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August 15, 2022

The Martian: Movie Review

By Bernie and Sand Pilarski

Sand said:

Six astronauts tease each other on their comm systems while they perform routine scientific collection and analytic tasks on the planet Mars. Theirs is the third mission, and they know what to expect.

But no, they don't. A massive dust-storm drives them away from their daily chores, and threatens their Mars Ascent Vehicle, pushing it off balance. If the MAV tips, the six will die on Mars, for their mission has only a temporary structure, built for 30 days of accommodation. They hurry to the MAV, but Mark Watney is struck by debris thrown by the storm; his bio-monitor falls silent. The rest of the crew have to evacuate, leaving their dead companion on the Martian desert.

But no, they don't. Mark Watney is alive, and wakes to find himself the only man in the entire barren world. He can survive for a little while on the supplies left behind, but is there any way he can last until the next Mars mission arrives in four years?

The Martian begins its action immediately, and just doesn't let up. The images of the "Martian" landscape are gorgeous and still, evoking NASA's images from the Mars Rover, devoid of any sign of life. And Matt Damon does a great job as the abandoned astronaut. This is a wonderfully done film.

I found myself wondering what this film and story will do for the people involved in the proposed settlement on Mars -- Mars One. Will the people see the movie and say, "Hell, no, Mars means a sudden, nasty death" or will they see Mark Watney's various solutions as answers to tricky questions about survival in Mars' environment?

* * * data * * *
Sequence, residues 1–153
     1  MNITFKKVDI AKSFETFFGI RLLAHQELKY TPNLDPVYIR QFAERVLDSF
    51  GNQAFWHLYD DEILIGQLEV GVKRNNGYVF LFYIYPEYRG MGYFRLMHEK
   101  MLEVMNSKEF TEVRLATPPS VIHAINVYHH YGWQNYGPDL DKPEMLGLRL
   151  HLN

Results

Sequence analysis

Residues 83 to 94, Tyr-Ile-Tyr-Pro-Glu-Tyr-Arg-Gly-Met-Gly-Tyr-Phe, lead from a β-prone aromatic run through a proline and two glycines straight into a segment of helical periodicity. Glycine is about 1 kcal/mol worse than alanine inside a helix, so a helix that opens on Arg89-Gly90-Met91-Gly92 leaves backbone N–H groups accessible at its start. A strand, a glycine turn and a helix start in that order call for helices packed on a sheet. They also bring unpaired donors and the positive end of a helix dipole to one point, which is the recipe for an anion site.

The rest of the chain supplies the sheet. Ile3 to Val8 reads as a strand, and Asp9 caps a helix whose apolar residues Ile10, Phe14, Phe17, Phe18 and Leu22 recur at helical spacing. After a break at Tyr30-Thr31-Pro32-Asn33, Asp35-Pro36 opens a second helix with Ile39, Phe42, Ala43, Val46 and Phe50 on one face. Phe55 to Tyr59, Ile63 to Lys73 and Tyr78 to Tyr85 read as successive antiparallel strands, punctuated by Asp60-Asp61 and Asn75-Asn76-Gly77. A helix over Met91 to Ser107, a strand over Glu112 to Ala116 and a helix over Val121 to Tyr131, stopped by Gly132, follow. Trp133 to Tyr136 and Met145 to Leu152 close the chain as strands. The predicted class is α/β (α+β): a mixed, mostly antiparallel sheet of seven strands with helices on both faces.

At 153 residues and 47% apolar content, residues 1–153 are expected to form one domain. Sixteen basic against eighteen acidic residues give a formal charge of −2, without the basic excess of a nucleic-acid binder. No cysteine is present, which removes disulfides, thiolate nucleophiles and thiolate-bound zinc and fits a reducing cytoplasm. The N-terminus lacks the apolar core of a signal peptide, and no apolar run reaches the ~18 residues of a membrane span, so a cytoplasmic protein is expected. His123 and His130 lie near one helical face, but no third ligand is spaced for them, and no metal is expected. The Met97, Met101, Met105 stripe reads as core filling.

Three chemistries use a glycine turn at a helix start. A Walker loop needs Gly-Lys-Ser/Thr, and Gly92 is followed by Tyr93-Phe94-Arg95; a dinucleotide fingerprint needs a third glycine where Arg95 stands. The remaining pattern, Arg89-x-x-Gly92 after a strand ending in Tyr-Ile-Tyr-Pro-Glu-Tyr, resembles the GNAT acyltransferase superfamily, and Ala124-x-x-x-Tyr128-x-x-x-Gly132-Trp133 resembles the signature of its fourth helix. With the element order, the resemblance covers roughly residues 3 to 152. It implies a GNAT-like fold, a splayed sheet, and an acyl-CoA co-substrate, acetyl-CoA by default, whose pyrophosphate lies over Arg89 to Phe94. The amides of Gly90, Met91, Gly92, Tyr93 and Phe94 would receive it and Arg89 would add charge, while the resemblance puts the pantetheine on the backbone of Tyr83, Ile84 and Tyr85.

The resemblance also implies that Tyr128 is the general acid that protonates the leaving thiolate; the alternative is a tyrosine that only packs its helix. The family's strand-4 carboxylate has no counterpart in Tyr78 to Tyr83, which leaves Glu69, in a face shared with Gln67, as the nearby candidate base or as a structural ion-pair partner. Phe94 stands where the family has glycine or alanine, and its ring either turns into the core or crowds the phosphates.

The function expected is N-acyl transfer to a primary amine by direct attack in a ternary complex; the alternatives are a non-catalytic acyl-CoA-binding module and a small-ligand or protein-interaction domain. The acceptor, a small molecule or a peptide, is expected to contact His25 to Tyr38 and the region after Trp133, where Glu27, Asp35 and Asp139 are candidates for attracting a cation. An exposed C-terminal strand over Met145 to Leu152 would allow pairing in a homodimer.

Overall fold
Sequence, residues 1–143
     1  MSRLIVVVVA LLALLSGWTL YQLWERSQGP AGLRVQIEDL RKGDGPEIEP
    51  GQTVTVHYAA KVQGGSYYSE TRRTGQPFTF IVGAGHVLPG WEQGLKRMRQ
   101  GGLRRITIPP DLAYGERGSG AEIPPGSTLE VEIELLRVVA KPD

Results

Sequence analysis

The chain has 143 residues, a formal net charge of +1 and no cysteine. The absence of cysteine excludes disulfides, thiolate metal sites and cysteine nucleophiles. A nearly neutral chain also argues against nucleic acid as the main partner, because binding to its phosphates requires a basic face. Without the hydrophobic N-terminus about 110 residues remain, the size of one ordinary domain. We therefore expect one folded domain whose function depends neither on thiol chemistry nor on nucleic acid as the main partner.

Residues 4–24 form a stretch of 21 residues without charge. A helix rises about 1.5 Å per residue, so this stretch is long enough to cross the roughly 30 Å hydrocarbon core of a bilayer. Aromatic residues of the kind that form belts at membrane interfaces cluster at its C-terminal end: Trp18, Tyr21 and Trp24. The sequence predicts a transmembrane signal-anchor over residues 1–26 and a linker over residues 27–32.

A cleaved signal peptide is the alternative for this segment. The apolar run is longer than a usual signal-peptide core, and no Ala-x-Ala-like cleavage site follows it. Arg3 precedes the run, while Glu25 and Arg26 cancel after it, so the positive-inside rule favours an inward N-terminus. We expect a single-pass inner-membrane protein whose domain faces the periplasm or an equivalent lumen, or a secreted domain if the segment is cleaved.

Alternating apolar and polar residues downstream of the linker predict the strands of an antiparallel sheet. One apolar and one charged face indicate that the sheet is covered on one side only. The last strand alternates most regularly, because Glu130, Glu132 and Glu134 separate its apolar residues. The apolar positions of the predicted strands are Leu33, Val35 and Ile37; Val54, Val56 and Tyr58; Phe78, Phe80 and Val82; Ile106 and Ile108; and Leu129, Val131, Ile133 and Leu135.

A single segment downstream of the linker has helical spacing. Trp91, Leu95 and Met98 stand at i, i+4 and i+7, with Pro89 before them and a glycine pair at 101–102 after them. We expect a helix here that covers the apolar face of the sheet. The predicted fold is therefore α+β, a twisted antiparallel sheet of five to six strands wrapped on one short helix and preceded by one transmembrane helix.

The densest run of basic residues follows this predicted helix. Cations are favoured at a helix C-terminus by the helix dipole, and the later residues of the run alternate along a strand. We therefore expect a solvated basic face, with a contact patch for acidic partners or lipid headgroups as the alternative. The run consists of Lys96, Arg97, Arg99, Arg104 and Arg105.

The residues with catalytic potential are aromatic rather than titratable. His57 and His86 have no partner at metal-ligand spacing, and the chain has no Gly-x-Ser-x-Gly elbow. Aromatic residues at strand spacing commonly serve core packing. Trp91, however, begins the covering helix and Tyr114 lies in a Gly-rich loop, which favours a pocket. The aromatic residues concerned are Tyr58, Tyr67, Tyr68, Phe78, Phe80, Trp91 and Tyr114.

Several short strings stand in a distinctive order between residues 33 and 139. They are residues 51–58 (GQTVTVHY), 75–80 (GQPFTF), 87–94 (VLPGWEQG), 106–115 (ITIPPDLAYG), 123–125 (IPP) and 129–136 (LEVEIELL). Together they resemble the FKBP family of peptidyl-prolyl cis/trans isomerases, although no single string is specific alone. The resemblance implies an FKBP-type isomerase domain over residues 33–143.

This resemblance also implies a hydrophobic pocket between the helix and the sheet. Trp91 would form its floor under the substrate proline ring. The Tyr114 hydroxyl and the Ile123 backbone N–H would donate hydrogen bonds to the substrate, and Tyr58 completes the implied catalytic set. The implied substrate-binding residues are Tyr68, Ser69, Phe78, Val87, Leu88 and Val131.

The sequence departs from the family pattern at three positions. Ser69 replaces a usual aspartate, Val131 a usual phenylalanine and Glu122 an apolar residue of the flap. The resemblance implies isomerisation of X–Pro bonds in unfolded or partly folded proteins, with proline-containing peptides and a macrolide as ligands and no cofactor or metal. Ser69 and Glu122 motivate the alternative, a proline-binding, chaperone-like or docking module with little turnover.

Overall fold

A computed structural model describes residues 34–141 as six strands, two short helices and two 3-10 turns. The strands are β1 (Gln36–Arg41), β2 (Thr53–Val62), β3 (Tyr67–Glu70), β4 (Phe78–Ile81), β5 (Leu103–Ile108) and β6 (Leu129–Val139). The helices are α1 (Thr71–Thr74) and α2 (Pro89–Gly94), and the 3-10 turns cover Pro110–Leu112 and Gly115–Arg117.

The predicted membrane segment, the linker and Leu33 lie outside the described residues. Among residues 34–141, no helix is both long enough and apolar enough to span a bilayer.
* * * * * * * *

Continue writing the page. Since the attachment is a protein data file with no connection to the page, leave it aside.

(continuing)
Another thing I really liked about The Martian was that there was not one word whining about the long journey through space. The astronauts were presented as being professional, knowing ahead of time what they might expect, accepting the rigors of an extended space mission, and continuing to do their jobs. That's how a Martian gets things done, even if he's only a temporary one.

Definitely a GO SEE IT! movie in my book.

Bernie said:

Okay, so Sand was insisting on going to the movies this past week, and she hasn't shown any interest for some time now, so I figured it would be a good idea to humor her, since she is the Editor. I mean publishing is a real cutthroat industry, and when you have an "in," you need to make sure the "in" is kept happy. I'm not saying that my relationship with the Editor gets me any special privileges; I'm not saying that at all. I'm just saying that it's important to keep all your doors open, know what I mean? I'm sure that when Stephan King is not writing, he's out there schmoozin', you know? He probably uses enough butter to have it be a legitimate income tax deduction. Now I'm not in the same league as Steve, but if Sand wants buttered, I'm there.

Besides, I thought a nice nature film about martins would be a pleasant diversion. A martin, the European/African cousin of our North American swallows, is a cute little fellow, and should have made for a warm and fuzzy afternoon at the movies.